For example posedge clock or negedge reset
Recall events discussed earlier
Means when there is a
low to high on the clock signal or
high to low on reset
always block will execute.

Next test vectors


Defined and appear as successive statements
Four different combinations of X and Y
Applied to the circuit input
Delay is specified between each stimulus application

Design of the NandNor circuit assumes ideal parts


Had the logic gates included a delay
The stimDelay between the applications of successive vectors
Would have provided time for the signal to propagate
Through the logic block.
Initialization and test vectors
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Written as statements within initial blocks
Thus the test suite is applied one time during the simulation

The circuit output in response to the set of test vectors


Presented using the $display and $monitor system tasks

$display is used to print to a line and enter a carriage return at the end
Variables can also be added to the display
Format for the variables can be
Binary using %b
Hex using %h
Decimal using %d
Another common element used in $display is $time
which prints the current simulation time

To monitor specific variables or signals in a simulation


Every time one of the signals changes value
A $monitor can be used

Only one $monitor can be active at a time in a simulation


But it can prove to be a valuable debugging tool

Sequential Logic A First Look


Tester for the behavioral sequential two-bit binary counter module
Follows the same pattern with several additions
Presented in the code module in following figure
Tester designed to
Reset system
Apply 16 clock pulses to UUT

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// Test module for two bit binary up counter
module tester(clr, clk, qA, qB);
input qA, qB;
output clr, clk;

reg clk, clr;

parameter stimDelay = 15;


parameter clkDelay = 5;

initial
begin
clk = 0;
clr = 0;
#stimDelay clr = ~clr;

repeat(16)
begin
#clkDelay clk = ~clk;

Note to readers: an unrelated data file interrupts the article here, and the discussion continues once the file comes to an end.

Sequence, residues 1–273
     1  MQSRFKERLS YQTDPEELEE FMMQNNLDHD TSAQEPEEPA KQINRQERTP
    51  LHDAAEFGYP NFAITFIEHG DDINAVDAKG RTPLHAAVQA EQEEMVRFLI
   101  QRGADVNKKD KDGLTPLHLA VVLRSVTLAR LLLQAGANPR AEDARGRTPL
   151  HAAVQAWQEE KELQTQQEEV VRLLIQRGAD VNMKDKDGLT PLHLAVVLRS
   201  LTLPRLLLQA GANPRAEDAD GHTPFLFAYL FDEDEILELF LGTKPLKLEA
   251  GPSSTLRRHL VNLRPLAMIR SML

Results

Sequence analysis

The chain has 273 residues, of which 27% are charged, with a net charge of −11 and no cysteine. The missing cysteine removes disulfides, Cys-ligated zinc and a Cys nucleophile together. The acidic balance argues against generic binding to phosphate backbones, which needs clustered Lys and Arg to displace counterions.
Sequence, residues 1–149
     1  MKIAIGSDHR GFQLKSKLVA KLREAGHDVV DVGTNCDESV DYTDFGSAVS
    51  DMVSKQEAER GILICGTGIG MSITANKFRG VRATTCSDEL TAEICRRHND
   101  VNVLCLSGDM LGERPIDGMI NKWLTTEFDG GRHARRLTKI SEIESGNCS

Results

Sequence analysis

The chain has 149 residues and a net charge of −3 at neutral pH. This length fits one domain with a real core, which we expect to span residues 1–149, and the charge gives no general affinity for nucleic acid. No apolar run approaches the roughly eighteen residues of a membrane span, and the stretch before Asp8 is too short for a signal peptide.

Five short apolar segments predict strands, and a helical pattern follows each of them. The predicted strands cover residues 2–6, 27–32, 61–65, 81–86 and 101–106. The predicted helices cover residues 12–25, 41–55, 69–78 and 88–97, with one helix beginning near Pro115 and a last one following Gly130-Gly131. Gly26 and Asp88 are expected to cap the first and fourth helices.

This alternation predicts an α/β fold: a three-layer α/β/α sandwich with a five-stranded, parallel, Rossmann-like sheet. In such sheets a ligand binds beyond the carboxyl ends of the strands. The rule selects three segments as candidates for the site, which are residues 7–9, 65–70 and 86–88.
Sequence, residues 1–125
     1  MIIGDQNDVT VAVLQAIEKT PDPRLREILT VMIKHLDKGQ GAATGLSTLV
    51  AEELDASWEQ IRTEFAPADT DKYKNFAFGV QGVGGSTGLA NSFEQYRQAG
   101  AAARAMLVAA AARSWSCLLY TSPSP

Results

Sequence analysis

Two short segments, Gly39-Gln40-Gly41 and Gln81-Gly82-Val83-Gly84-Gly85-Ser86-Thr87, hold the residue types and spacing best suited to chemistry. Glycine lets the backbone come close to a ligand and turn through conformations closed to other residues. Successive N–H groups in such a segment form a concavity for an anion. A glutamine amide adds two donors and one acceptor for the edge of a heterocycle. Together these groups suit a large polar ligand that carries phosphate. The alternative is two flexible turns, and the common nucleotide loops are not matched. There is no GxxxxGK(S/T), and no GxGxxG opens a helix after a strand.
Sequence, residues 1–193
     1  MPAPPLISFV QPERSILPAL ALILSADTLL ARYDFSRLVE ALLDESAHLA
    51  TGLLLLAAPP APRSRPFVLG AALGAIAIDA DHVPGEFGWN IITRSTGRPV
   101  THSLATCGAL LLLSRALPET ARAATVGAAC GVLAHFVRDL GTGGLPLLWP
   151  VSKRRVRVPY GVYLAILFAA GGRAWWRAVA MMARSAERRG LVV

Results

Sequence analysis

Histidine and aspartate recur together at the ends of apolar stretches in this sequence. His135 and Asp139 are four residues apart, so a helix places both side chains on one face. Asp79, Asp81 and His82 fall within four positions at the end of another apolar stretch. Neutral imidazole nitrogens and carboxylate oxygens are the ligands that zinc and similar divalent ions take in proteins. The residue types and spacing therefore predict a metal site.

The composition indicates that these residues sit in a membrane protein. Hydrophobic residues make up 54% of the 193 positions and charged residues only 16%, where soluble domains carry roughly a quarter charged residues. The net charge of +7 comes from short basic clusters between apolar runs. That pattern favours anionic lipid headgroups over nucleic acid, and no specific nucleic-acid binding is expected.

end
end

initial
begin
$display("\tTime, \t\tqA, \tqB, \tclr, \tclk");
$monitor($time,"\t\t%b, \t%b, \t%b, \t%b", qA, qB, clr, clk);
end

endmodule

Clocks and Resets


Synchronous sequential circuit will need
Strobe, enable, or clock in order to operate
As was seen in previous code fragment
Specific number of clock pulses supplied to UUT
Generally test does not have such restrictions

Good designs also include a reset or clear signal


To establish the initial state of the circuit
Typically these signals are supplied
By the tester with a block of code such as
Code fragment in accompanying figure reg clk, clr;

parameter stimDelay = 15;


parameter clkDelay = 5;

initial
begin
clk = 0;
clr = 0;
#stimDelay clr = ~clr;

always
#halfPeriod clk = ~clk;
end
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The Test Bench
Now bring everything together with test bench
In the test bench we instantiate
One copy of the UUT
Here will be NandNor gate,

One copy of the Tester


These are the stimulus and monitoring instruments
Finally, we connect them together using wires
As illustrated in the code fragment in following figure

module MyTest bench;


wire XnandY, XnorY, X, Y;
NandNor aNandNor (XnandY, XnorY, X, Y);
Tester aTester (X, Y, XnandY, XnorY);
endmodule

Performing the Simulation


If the simulation is now run
Test vectors are successively applied to the input of the UUT
As the simulation executes
$monitor system task will display
State of the input and output signals
System time at which the samples were taken
These appear in following figure

Time, X, Y, XnandYin, XnorYin


0 1, 1, 0, 0
10 0, 1, 1, 0
20 0, 0, 1, 1
30 1, 0, 1, 0

If the behavioural results are satisfactory


Can move on to real work of confirming the design
We do this by utilizing dataflow or structural models
Incorporate real world affects and issues
Coding Style
9 Begin with some key high-level points
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9 Move to examining good coding practices
9 Defining and examining synthesizable Verilog

High Level Points


Fundamental points
Make sure that your code is
Readable
Easy to modify
Reusable
Well documented
Good coding style helps to achieve better results
9 Modeling
9 Simulation
9 Synthesis

Not all Verilog constructs can be synthesized


Only a subset can be synthesized
Code containing only this subset can be synthesized